Friday, January 27, 2012

Yes, They Do! by Pam Todd

Just this week I saw a segment on one of the “entertainment” shows that follows the CBS Evening News.  First they showed eight to ten elephants lined up looking at a baby elephant that had died.  They touched it with their trunks and sniffed it.  More than once.  Next there was a video of chimpanzees who were watching a caretaker hold a young chimpanzee, wrapped in a blanket, on her lap.  The other chimps were watching her closely, turning and chattering to each other.  At the end of this feature the news person made the comment that what they had just seen led them to believe that perhaps animals really do grieve for those who have died.

“Well,” I said to myself, “Haven’t these folks ever had two pets that were close, played together, slept together, ate together, and then one of them died?”  If they had, they might have observed what we saw after Duke, our almost 12-year old chihuahua, died.  His best pal, Smoky, a fairly large smoky gray cat, by the way, mourned terribly.  He didn’t eat.  He lost weight.  He would go through the house making a mournful cry.  This went on for weeks.  We knew he was grieving by just watching and listening to him.  There was no doubt in our minds, and we didn’t need any scientific information to draw our own conclusions.

One piece of information I read at said a creature needs a long term memory to grieve, and that source said it is believed that only humans have that. Well, I don’t believe that for one minute.  Daisy was four or five years old when her first owner stopped by our house.  The recognition was instant.  My sister’s dog, Ozzie, associated getting in the car with being abandoned, as he had been three times before he reached his forever home.  In my observation, animals have tremendous memories.  They love, they learn, they grieve.  They know when a person is sad, sick, and mourning.  So, with my own beliefs (knowledge, I prefer to say) about dogs and cats, I decided to google animal grieving, and I found a wonderful site where you can read more about animals and their grief when they lose a companion.  The author of the story at this link is Barbara King, who is doing a study about animal grief, but also has her own personal story to share.  I think you will really enjoy reading it.


This post was written by Pam Todd,, who loves dogs and learning about all animals.  Pam is a  supporter of The Elephant Sanctuary in Hohenwald, Tennessee.  She hand crochets items for people, pets, and homes for her Artfire Studio.  Be sure to stop by the shops of other members of the Crafting for Animals Guild, who also love animals and work to support causes on their behalf.  Just google cfa guild for a list of shops.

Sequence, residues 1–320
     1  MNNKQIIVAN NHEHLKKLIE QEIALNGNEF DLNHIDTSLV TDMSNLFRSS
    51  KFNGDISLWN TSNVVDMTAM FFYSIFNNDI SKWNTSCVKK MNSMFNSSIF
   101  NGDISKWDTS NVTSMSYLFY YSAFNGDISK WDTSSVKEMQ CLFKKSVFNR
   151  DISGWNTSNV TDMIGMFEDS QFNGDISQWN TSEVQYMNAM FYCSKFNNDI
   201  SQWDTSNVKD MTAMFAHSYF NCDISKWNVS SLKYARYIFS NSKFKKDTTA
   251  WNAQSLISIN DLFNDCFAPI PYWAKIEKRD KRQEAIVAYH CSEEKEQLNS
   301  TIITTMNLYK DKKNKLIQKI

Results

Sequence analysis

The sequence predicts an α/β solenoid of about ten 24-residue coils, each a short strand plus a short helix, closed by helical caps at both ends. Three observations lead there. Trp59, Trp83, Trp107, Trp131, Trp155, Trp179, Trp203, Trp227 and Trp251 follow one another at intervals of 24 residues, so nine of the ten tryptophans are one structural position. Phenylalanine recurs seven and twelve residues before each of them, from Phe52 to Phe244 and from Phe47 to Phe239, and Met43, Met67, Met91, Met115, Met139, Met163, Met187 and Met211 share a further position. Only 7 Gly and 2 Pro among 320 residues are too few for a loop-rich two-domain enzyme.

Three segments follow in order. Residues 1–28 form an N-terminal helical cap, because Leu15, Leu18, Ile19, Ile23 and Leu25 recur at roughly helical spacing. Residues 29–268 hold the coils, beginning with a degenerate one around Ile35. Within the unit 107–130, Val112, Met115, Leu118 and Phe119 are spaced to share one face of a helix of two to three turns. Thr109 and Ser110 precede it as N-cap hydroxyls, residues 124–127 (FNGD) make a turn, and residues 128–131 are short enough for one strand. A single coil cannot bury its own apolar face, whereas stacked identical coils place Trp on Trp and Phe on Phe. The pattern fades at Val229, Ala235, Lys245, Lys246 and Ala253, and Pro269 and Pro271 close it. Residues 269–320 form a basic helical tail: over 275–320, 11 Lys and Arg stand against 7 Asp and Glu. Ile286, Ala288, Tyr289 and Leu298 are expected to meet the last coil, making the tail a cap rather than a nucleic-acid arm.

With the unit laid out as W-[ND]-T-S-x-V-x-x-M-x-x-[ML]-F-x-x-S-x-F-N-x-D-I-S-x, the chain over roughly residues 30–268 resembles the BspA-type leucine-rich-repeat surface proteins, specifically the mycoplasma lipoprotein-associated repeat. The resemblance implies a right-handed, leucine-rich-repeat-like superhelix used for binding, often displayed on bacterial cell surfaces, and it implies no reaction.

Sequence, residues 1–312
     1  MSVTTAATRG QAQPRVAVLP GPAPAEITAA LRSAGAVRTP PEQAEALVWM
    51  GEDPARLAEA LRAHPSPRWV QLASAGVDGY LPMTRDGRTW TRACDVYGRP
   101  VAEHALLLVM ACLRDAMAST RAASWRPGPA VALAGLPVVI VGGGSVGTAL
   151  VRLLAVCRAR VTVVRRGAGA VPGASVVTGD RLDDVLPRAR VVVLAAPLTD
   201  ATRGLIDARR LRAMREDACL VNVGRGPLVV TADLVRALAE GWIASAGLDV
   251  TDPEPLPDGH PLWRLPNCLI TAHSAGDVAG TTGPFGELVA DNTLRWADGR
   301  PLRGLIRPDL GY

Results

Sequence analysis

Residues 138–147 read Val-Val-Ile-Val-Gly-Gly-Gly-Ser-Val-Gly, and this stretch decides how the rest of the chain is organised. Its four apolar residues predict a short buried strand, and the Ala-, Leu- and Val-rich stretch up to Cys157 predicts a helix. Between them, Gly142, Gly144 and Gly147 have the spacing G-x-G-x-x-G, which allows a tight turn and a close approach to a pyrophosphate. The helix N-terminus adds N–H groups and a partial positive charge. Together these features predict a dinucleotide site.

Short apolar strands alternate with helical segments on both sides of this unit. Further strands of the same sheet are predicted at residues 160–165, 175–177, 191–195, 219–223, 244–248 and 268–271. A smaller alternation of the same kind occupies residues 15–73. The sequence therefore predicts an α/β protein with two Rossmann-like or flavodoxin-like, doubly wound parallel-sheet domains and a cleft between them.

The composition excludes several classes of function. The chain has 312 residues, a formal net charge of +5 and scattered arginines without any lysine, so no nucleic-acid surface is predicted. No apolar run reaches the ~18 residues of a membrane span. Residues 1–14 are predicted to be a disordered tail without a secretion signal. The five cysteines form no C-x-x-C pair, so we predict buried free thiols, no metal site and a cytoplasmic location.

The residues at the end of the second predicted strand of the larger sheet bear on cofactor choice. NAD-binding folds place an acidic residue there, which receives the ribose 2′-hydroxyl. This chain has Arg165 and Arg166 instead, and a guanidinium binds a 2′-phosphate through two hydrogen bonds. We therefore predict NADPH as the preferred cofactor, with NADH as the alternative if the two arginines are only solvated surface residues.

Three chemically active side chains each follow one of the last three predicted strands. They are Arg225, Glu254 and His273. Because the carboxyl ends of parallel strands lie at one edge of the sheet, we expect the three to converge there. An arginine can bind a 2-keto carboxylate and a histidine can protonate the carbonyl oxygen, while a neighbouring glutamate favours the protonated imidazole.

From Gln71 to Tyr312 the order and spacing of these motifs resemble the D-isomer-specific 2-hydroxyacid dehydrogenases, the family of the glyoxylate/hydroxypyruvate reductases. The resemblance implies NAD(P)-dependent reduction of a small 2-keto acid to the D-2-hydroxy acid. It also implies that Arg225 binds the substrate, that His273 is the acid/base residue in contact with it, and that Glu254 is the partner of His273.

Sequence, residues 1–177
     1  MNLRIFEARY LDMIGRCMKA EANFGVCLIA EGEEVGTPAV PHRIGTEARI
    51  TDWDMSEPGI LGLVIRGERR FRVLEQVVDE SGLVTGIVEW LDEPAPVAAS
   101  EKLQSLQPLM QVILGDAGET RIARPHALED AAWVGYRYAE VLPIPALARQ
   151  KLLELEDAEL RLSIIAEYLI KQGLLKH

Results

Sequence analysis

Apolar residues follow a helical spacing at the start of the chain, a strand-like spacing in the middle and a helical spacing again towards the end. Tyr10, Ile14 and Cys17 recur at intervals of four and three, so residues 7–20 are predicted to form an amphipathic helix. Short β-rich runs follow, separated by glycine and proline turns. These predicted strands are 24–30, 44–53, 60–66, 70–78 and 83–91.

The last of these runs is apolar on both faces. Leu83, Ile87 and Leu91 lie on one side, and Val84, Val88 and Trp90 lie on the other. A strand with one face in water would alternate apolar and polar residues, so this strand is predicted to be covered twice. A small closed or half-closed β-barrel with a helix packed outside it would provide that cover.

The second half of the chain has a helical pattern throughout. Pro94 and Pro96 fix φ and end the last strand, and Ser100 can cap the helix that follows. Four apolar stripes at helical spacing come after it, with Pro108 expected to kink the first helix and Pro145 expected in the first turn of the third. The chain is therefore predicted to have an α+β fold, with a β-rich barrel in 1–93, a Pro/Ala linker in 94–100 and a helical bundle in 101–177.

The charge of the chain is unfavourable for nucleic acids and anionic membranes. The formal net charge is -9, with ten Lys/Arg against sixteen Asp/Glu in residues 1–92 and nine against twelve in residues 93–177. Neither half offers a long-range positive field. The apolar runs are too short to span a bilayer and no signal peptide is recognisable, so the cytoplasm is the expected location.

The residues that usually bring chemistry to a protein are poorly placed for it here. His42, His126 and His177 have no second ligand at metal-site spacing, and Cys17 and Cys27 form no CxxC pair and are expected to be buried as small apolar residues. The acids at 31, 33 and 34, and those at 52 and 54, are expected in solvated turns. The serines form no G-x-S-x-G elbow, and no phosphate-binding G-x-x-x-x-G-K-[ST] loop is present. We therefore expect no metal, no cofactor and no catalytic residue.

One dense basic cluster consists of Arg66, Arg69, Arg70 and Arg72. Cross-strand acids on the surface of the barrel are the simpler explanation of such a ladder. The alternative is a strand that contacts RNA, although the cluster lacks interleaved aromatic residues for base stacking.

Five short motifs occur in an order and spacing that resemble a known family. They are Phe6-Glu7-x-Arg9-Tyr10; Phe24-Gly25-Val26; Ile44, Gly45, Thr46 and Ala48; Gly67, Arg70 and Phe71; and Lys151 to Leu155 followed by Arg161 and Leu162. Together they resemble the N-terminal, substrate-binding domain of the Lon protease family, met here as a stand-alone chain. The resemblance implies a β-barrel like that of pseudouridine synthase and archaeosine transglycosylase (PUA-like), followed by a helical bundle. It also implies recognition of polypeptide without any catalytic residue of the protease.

Creative Critters said...

Of course animals grieve! When Ozzy passed away Cedric looked all over the house for him for weeks, calling him, checking all his usual spots. He missed his big brother, plain and simple. He didn't want to play, he didn't even want to give head butts. Then we got Calcifer. Calcifer is pure love, and was just what Cedric needed. Calcifer and Cedric had 2 years together before Cedric passed away from kidney disease. When Cedric got very sick near the end Calcifer would gently bathe him and lay next to him to keep Cedric warm. Poor Calcifer missed Cedric very much sfter he passed away- he was so lonely, and it was very obvious. Now we have Ginko, and although Calcifer still misses his big brother, he loves Ginko and is passing on everything that Cedric taught him about being a good cat. Animals grieve, animals love, animals are intelligent and caring creatures, and I don't need a scientific study to tell me that. All I have to do is watch my own pets.
-Michelle of CreativeCritters

El at Tantalizing Stitches said...

Not only do animals grieve about their losses but they also grieve for others. Between losing her big sister and our human loss, my fat cat Mickey lost a significant amount of weight.

I brought her home to my mom, and she was taking care of my mom.

Its amazing how selfless animals are. It wants to make me strive to bring out the animal in me.

JLynnPro said...

They definitely do!

I've been reading recently that some people, when they lose an animal under controlled circumstances (at the vet, for example,) will bring the animal home after to give the others closure.

These people have said that it makes a big difference to the surviving animals. Some will just ignore it, but others will come up and sniff, etc and then walk away like "OK, I get it now."

I could see doing that myself, but I don't think my boyfriend would go for it.

Good post!